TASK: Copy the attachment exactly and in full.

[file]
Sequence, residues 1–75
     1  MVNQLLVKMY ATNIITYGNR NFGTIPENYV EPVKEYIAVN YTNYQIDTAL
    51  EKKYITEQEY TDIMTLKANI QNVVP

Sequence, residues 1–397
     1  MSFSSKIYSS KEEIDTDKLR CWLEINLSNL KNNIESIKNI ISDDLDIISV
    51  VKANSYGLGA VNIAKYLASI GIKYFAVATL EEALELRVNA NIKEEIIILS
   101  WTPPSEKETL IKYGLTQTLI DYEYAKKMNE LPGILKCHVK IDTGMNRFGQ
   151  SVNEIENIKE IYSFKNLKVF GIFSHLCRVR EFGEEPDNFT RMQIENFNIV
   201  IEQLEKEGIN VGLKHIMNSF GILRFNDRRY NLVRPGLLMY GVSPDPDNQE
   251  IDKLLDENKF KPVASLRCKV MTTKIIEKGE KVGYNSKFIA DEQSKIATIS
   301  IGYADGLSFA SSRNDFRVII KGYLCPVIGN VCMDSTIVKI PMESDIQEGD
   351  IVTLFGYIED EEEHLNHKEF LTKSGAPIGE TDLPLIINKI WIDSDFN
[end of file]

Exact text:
Sequence, residues 1–75
     1  MVNQLLVKMY ATNIITYGNR NFGTIPENYV EPVKEYIAVN YTNYQIDTAL
    51  EKKYITEQEY TDIMTLKANI QNVVP

Sequence, residues 1–397
     1  MSFSSKIYSS KEEIDTDKLR CWLEINLSNL KNNIESIKNI ISDDLDIISV
    51  VKANSYGLGA VNIAKYLASI GIKYFAVATL EEALELRVNA NIKEEIIILS
   101  WTPPSEKETL IKYGLTQTLI DYEYAKKMNE LPGILKCHVK IDTGMNRFGQ
   151  SVNEIENIKE IYSFKNLKVF GIFSHLCRVR EFGEEPDNFT RMQIENFNIV
   201  IEQLEKEGIN VGLKHIMNSF GILRFNDRRY NLVRPGLLMY GVSPDPDNQE
   251  IDKLLDENKF KPVASLRCKV MTTKIIEKGE KVGYNSKFIA DEQSKIATIS
   301  IGYADGLSFA SSRNDFRVII KGYLCPVIGN VCMDSTIVKI PMESDIQEGD
   351  IVTLFGYIED EEEHLNHKEF LTKSGAPIGE TDLPLIINKI WIDSDFN